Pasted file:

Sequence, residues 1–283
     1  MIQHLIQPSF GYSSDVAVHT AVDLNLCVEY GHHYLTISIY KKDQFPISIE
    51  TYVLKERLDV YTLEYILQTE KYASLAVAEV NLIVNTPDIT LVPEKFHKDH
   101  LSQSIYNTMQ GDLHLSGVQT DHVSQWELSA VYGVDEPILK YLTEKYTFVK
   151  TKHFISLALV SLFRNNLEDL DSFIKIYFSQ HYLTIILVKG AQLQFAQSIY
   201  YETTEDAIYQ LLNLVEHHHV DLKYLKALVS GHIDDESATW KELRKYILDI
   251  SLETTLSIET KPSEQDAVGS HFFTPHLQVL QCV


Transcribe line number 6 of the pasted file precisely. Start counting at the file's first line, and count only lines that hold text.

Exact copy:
   201  YETTEDAIYQ LLNLVEHHHV DLKYLKALVS GHIDDESATW KELRKYILDI